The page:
North to Katahdin
When Thoreau stood on the flank of Maine’s Mount Katahdin in 1846, he was one of only a handful who had ventured so far into wilderness for the simple purpose of seeing what was out there. This summer, thousands of tourists walking in Thoreau’s footsteps will climb the same mountain, stopping on the peak momentarily to pose for digital photos, consult GPS receivers, and talk on cell phones. In North to Katahdin, Eric Pinder observes the American wilderness mob—hikers weighed down by packs, campers driving thousands of miles to see “nature,” and climbers bagging peaks “because they’re there”—and wonders: If Thoreau came for genuine experience, what does everyone come for now?
For some, Katahdin is a symbol of accomplishment: the end of the 2,160-mile-long Appalachian Trail—a footpath stretching from Georgia to Maine. For “Mainers” and others along the eastern seaboard, Baxter State Park, which surrounds Katahdin, is the closest they come to wilderness. Pinder tells stories—at times hilarious, reflective, and terrifying—of this place and the people who flock to it every summer. Stories of thru-hikers on the Appalachian Trail, of conflicts between wilderness devotees and their detractors, and the story of a mountain itself—its history, geology, mythology, and Thoreau’s long obsession with its clouded slopes—come together to shed light on the beginnings of the American wilderness obsession and its persistence today.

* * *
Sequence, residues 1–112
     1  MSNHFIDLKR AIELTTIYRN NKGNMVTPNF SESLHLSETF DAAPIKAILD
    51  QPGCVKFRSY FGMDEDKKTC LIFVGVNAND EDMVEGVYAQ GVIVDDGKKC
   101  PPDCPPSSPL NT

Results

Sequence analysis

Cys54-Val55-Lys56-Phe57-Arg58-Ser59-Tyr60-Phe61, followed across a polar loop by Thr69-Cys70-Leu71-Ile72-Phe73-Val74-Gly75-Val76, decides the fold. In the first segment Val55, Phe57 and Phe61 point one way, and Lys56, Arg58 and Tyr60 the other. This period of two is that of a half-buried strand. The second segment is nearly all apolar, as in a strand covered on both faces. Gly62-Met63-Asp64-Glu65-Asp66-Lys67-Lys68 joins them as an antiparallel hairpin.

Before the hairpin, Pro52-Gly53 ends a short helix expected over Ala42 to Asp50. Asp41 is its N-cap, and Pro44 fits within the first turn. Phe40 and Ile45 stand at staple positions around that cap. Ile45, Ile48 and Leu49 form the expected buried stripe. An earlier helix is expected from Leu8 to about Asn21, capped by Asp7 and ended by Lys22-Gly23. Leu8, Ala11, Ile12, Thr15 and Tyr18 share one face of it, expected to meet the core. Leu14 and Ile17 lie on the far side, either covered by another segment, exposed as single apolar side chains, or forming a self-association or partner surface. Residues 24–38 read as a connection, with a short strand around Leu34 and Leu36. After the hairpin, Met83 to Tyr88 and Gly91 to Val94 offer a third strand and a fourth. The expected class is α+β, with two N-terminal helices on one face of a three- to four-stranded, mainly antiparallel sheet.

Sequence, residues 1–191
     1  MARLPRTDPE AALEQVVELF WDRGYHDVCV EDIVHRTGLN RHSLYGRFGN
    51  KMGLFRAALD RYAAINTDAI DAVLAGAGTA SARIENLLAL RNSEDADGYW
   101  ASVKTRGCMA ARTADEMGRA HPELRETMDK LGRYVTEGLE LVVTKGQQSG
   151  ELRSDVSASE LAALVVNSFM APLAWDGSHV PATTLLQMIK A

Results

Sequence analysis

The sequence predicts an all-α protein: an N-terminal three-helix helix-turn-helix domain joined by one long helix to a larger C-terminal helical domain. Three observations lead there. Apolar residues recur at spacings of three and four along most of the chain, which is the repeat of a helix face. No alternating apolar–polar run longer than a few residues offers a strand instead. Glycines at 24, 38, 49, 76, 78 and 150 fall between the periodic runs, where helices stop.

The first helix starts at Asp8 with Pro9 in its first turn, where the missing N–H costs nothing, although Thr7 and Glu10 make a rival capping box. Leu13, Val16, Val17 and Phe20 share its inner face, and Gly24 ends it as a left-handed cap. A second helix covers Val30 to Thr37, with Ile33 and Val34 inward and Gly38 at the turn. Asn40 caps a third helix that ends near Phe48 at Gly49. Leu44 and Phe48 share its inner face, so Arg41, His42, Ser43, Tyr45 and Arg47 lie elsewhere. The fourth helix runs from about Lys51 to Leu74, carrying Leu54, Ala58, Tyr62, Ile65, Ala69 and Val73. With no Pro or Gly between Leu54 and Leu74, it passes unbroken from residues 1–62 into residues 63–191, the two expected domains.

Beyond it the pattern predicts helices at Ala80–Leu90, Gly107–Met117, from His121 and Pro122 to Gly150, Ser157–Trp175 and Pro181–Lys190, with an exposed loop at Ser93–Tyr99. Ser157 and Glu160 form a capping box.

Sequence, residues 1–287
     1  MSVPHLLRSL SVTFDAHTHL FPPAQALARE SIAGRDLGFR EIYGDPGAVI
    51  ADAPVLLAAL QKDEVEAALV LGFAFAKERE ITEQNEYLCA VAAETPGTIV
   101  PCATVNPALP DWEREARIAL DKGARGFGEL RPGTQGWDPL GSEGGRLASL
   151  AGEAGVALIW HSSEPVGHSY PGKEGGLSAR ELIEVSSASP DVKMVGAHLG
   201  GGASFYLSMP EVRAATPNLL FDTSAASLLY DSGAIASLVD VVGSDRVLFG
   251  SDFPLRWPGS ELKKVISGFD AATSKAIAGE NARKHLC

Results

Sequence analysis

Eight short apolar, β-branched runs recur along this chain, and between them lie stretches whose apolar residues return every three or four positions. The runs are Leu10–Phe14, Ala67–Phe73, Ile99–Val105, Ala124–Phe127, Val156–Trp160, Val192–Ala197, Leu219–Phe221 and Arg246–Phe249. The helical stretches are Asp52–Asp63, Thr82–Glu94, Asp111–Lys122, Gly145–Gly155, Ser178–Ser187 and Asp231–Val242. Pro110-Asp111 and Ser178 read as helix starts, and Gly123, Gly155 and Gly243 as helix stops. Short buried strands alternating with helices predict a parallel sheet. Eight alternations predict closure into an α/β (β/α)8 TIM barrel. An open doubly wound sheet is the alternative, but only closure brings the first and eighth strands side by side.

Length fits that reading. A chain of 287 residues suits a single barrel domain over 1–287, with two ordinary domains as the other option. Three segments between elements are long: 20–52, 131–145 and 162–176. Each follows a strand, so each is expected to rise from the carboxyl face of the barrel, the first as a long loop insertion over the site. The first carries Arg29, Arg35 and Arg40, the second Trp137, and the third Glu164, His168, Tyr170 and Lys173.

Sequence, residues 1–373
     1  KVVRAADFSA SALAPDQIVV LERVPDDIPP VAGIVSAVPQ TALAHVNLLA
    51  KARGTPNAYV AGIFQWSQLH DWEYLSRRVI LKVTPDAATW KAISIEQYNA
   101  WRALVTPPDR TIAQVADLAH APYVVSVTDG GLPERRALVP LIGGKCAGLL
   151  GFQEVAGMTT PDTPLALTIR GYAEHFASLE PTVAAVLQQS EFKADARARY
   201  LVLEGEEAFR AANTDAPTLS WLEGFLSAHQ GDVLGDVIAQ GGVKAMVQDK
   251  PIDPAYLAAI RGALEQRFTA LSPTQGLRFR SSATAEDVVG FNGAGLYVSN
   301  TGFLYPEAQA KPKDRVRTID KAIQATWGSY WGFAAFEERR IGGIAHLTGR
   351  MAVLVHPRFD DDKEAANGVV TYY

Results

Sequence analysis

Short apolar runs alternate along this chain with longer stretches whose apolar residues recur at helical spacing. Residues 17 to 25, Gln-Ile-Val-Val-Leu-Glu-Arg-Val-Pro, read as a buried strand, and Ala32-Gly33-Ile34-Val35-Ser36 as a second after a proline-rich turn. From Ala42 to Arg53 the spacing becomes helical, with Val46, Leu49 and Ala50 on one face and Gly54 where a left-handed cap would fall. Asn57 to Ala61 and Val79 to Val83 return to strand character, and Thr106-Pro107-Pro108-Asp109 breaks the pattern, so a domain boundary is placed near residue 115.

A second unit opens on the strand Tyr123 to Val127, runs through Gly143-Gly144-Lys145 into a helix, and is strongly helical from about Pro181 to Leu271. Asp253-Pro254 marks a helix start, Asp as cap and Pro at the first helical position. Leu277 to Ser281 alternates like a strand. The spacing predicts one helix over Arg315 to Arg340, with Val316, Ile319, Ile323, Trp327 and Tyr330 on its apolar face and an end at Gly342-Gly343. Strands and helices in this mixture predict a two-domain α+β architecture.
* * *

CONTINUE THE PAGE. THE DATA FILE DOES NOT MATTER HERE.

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Praise and Prizes
“A delight-filled, moving series of essays—contemplative, hilarious, sad, and hair-raising—on the mountain, its folklore, its history, and its travelers . . . Eric Pinder’s prose is lucid and luminous, clear and simple as a mountain stream, and he writes of Katahdin with humor, love, and respect. . . . Almost as refreshing as putting on your backpack and hiking the mountain yourself.”
“Heartfelt . . . Part paean and part conservationist plea . . . Eric Pinder’s twofold aim is worthy: to explore Katahdin, the mountain at the northern extremity of the Appalachian Trail, in particular, and the human attraction toward wilderness in general.”
“One need not be a hiker . . . to find enchantment in reading Eric Pinder’s writing on our evolving, increasingly peopled world. . . . Pinder, so allusive to the sensory wonders around us, gives a footpath of findings, of remindings.”
“Eric Pinder has captured the soul of a mountain. With vivid writing and a keen eye for detail he guides the reader from the distant geologic past, to Thoreau’s era, to today. A descriptive, insightful book that makes us think about our place in nature.”
“Eric Pinder is a poignant and insightful observer who recognizes the soul of a very old and very wise mountain.”
“A quick, pleasant introduction . . . Like a trailguide, it can be stuffed into a day pack along with water bottle and bug spray, carried to the edge of Chimney Pond, and read in Pamola Peak’s forbidding shadow.”